WELLINGTON - Champagne corks popped as New Zealanders celebrated author Eleanor Catton becoming the youngest ever Man Booker prize winner Wednesday, with retailers reporting her novel "The Luminaries" was "walking out the door".
Perhaps inevitably in the rugby-mad nation, some Kiwis likened the 28-year-old's feat in snaring the prestigious prize for fiction to winning the literary equivalent of the World Cup.
Others hailed the emergence of a major new talent following the Booker presentation in London, which took place on Wednesday morning New Zealand time, drawing large crowds to bookshops, which screened the event live. Prime Minister John Key led the tributes, moving a parliamentary vote congratulating Catton for becoming only the second New Zealander after Keri Hulme in 1985 to win the Booker.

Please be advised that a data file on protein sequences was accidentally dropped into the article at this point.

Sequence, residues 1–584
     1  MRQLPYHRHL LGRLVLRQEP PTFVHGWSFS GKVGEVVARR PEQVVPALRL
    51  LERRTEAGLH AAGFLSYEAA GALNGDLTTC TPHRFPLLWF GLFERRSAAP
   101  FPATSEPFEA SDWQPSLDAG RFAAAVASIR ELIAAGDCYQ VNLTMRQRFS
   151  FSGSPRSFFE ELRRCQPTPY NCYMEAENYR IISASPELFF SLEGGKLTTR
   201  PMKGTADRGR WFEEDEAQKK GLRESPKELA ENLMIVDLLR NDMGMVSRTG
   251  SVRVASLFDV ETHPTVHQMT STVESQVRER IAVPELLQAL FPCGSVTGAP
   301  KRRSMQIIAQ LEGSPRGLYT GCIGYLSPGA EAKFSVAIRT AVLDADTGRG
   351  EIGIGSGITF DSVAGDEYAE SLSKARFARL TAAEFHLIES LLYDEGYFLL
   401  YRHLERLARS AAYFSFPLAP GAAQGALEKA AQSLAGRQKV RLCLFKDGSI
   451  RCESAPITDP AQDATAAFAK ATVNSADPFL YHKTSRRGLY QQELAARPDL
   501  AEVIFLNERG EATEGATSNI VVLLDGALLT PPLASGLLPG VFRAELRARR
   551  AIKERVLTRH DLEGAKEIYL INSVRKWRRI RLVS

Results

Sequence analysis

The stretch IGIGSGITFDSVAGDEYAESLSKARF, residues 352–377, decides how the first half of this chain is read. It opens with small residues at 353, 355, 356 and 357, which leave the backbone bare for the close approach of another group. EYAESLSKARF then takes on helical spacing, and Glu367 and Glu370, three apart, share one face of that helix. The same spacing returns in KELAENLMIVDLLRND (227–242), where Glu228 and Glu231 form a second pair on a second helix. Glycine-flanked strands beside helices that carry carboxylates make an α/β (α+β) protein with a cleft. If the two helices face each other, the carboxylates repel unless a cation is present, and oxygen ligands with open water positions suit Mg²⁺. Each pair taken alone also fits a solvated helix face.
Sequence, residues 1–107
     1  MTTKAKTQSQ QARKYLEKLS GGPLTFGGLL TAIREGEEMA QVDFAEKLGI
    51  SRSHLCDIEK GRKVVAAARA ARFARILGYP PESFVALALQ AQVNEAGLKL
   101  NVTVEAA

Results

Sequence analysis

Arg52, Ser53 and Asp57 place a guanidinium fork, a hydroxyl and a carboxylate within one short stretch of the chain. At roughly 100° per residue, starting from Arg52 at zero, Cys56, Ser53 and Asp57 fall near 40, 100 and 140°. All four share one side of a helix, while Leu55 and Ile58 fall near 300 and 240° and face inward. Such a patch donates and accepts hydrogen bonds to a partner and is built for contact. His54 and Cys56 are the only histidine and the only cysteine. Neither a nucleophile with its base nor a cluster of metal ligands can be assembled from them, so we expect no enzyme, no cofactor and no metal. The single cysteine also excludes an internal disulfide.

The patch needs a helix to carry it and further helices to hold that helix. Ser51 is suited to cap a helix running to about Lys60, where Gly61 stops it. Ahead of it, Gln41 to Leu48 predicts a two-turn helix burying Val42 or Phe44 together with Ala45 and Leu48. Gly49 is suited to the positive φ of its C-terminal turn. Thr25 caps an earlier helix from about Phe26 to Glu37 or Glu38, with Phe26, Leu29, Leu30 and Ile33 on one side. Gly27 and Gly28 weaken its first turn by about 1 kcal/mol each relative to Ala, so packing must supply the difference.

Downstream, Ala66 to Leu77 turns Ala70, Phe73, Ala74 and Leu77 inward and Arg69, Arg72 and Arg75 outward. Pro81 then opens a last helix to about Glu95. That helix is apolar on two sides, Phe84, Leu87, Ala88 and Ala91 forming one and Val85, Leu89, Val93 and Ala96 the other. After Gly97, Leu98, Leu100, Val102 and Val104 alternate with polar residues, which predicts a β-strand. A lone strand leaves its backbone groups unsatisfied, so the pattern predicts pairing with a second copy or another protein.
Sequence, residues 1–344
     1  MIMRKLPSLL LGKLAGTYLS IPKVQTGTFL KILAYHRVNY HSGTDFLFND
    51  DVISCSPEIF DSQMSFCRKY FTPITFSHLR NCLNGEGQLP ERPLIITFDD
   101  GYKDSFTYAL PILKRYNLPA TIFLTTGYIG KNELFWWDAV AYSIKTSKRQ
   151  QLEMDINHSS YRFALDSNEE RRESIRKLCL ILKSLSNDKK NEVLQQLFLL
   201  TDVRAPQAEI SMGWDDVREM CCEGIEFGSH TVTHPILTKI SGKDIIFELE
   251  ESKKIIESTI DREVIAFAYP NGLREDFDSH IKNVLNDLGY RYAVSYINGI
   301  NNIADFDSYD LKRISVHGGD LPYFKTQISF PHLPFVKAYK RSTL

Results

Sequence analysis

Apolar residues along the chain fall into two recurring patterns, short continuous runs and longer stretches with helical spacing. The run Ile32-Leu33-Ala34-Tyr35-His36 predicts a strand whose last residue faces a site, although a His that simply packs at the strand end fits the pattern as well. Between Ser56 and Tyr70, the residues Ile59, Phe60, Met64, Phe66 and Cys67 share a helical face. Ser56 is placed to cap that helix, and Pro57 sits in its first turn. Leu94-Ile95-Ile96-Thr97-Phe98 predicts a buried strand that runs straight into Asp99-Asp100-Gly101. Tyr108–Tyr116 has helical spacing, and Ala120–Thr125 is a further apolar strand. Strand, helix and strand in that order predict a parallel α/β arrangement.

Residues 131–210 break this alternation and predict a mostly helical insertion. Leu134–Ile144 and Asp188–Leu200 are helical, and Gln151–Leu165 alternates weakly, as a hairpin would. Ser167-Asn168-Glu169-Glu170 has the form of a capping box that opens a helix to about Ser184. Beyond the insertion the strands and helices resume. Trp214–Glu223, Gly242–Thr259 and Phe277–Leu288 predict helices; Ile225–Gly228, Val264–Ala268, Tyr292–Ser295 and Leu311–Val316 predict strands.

"New Zealand generally celebrates our sporting successes on the international stage with enormous vigour," he told parliament. "We should be celebrating this with equal enthusiasm, as it's a truly remarkable achievement."
Bookworms packed into the aisles at Unity Books in downtown Wellington heeded his advice, greeting the announcement with cheers and whooping as staff handed out champagne.
"We had one customer who said that this was more important for New Zealand than winning the Rugby World Cup," Unity's Todd Atticus told AFP.
"For our customers, the high-end literary types, that goes without saying." Atticus said all signed and hardback copies of the novel had sold "and we're rapidly munching through our stock of trade paperbacks". Booksellers New Zealand chief executive Lincoln Gould said orders for Catton's book rose hours after her win.
"It's a tremendous success for New Zealand publishing and will help book sales in a market that's been somewhat depressed," he told AFP. Catton topped a six-person shortlist that also included English writer Jim Crace, Zimbabwean NoViolet Bulawayo, Indian-American author Jhumpa Lahiri, Canadian-American novelist Ruth Ozeki and Ireland's Colm Toibin.